Where Islam, Democracy Try to Mix Yemen, the Arabian Peninsula's Only Democracy, Wrestles with Religion, Population, and Poverty
Ilene R. Prusher, Monitor, The Christian Science Monitor
Dina Mohsen Awad wears a brightly colored head scarf and fuschia red lipstick. Like many women in southern Yemen, her wardrobe contrasts starkly with garb in the northern part of the country, where women typically don a floor-length black hejab that leaves only the eyes exposed.
Two years ago, she didn't cover up with a scarf. "None of us did," she says of a roomful of women in an embroidery workshop. "We put it on just like that," she says, with a wave of her hand equivalent to a snap, "but we weren't legally forced to."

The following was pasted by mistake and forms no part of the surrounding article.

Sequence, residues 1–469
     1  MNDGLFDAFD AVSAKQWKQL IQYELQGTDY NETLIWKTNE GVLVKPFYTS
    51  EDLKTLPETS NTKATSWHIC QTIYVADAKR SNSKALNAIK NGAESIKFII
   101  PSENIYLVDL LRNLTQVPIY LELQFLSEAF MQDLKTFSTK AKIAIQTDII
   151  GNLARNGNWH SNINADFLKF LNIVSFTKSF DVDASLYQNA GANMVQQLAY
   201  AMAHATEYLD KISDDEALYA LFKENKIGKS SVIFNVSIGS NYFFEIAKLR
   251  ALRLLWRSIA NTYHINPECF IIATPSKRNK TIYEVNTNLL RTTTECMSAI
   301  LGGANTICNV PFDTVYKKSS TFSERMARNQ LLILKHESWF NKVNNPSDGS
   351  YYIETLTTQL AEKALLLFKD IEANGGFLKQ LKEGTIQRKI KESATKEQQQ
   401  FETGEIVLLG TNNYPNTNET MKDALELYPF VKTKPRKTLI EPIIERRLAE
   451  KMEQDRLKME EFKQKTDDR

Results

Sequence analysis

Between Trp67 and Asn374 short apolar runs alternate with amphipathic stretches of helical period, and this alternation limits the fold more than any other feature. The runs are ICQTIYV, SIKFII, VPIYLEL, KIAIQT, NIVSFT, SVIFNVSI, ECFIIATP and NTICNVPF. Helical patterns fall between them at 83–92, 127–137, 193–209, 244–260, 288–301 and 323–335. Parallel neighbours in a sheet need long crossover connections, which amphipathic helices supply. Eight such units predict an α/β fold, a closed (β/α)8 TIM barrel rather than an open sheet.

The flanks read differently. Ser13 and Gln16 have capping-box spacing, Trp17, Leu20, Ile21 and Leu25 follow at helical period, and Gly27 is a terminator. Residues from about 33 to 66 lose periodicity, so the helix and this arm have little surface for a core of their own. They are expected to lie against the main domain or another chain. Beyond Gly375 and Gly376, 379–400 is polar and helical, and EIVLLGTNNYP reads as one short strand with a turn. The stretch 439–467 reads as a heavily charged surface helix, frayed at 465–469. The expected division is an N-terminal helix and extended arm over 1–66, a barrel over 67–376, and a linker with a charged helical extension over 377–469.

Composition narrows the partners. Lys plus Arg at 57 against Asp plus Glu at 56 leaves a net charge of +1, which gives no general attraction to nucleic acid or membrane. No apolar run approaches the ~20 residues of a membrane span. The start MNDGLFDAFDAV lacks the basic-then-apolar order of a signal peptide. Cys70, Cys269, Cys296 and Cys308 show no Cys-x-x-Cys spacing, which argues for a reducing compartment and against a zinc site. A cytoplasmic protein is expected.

Others in the formerly socialist South Yemen, which united with North Yemen in 1990, say it didn't take legislation to force the ways of the conservative north onto the still-liberal south. Since the short-lived civil war in 1994 that threatened to redivide the country, critics say the government of conservatives and Islamists has been more subtle - oppressing Socialists and extolling the virtues of strict Islam. Besides the religious-secular tension there is also economic stress. Like Germany as it has reunified after the cold war, Yemen faces problems of trying to satisfy those who were used to socialism's safety net. And Yemen, the only democracy on the Arabian peninsula, also faces some of the world's worst poverty. Divided past, united today Yemenis were a divided people long before socialism swept through the world, and before Islam spread through Arabia in the 7th century. It was then, during the Prophet Muhammad's lifetime, that Yemen's first mosques were built. The north was more influenced by the Saudis and a long Turkish occupation, while the British occupation of the south - and Aden's key spot on historic trade routes - left South Yemen more open to outside ideas. Now, whether in an attempt to forge a unified nation or to spread the stricter lifestyle of Zaydi - a form of Shia Islam - southerners say a more fundamentalist Islam is taking root. Islamic gains in south Some point to Islah, the Islamic party that shares control with the center-right People's General Congress (PGC). Islahi officials had some women judges in the south dismissed as un-Islamic and decreased science teaching in school to make way for more Koranic studies. "Our very own Taliban, huh?" jokes one high-ranking official from the PGC who asked not to be named, comparing Islah to the Islamic group that recently seized power in Afghanistan. After unification, unveiled women in Aden were harassed - often by women. Three weddings in Aden with co-ed dancing were bombed last year, say Western diplomats in Sana, the capital. But like other Islamic movements in the region, such as Hizbullah in Lebanon and Hamas in Israel, Islah has gained favor with the young because it provides social clubs and services. The aunt of one club goer says he trained to be a pilot but refuses to fly for Yemen's airline because of its unveiled flight attendants. Islah leaders say they reject violence and support women's rights. And like in Iran, they say, the religious upsurge is merely the will of a people bucking forced secularization. …